America’s wars have in fact always been represented, in films and novels, in the media, in the protests, in terms of their morality as much as in terms of their horror (or their glory). This manner of representing wars is very much like putting the cart before the horse.

Fred Russell on Ignorance and Morality.

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What Marxist Ideology Can Set In Motion published 07/02/2015


If the reason current U.S. free speech doctrine protects unrestricted spending by the wealthy in elections is because this insures that the political system does the bidding of plutocrats, then most people have no reason to affirm the free speech value of unlimited political spending by the wealthy: if free speech is a value, it must be good for everyone, not just the wealthy. (Notice that what is at stake is the moral status or acceptability of the legal claim: the status of the claim qua legal does not depend on these considerations.)

Brian Leiter on Marxist Ideology.

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Two Pieces on Film: Hitchcock & Bresson published 02/02/2015

The theme of existential doubt – Am I really me? Am I really sure of not having done or seen or heard that which I cannot remember in any way, but which everything at present colludes to assure me that I heard it said or saw it done? – appears in almost every Hitchcock film.

Clément Rosset on Alfred Hitchcock and Robert Bresson.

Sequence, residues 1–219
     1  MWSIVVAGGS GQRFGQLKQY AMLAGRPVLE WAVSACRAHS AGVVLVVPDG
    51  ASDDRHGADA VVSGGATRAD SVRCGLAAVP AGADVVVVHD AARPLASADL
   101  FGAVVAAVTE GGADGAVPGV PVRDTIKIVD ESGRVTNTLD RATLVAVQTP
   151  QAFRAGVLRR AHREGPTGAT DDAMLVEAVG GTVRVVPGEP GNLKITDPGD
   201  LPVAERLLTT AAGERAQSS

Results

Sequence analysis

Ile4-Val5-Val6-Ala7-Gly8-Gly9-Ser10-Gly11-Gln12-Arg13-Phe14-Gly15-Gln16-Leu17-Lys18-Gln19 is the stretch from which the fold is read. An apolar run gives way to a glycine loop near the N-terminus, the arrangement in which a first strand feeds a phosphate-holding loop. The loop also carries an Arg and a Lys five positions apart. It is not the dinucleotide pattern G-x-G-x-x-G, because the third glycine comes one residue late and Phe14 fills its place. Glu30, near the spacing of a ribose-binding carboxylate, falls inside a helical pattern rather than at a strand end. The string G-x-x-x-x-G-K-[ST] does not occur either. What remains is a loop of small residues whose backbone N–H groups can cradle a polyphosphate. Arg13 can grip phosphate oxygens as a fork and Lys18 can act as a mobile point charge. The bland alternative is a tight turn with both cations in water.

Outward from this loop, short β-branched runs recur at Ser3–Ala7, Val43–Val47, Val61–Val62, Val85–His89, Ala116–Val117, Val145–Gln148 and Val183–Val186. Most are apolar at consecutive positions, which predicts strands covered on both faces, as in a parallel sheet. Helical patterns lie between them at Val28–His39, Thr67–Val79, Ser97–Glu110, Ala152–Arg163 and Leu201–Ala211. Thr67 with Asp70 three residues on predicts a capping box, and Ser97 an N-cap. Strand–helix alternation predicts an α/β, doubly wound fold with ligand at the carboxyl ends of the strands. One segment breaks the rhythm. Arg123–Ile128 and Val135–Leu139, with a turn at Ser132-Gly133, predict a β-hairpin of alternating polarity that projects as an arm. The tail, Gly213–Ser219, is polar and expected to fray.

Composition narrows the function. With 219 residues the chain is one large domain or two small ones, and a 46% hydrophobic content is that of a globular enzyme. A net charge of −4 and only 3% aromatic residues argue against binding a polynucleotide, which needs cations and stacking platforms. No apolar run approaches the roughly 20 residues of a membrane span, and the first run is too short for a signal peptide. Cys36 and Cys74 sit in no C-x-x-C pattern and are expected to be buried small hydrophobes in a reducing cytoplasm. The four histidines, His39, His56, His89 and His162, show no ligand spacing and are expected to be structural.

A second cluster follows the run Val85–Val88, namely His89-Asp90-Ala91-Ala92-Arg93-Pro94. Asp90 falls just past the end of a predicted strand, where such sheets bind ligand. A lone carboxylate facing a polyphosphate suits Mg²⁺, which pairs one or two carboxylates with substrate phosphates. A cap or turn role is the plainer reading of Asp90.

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What Leo Strauss set in motion. published 31/01/2015


Strauss has an ironic, double meaning here as in almost all the names he chooses. What Strauss thinks is being hidden is the urging of the rule of one best man, reactionary and in our times, authoritarian or fascist rule. Similarly when Strauss speaks of Natural Right and History in a lecture series in honor of the Declaration of Independence, a superficial reader will imagine him to be talking about natural rights – of individuals. But he actually affirms “the classical view: inequality ” and means natural right as the “right” to dominate of the stronger

Alan Gilbert on Leo Strauss’s esoteric fascism.

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European Marks published 24/01/2015


A Mark (or March, Marches) is the European name for a border, a frontier, a “boundary” territory; its name comes from early Middle Ages. The Franks called it marka, Anglo-Saxons called it mearc, but both nations meant only one thing by the word: something that is situated between two sources of power, political and economical influence, and law.

Kirill Kobrin on borders.

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Why does America torture? published 02/01/2015

Habeas corpus – the right of each prisoner to a day in court and not to be tortured – is, as Philip Soper argues, the central feature of a system of law as opposed to despotism. It is what had distinguished (somewhat, if one does not disregard genocide against indigenous people, the ordinary practice of slavery, Jim Crow and the like, which mark American history…) the US or English system of law from, say, the Chinese.

Alan Gilbert on US Torture.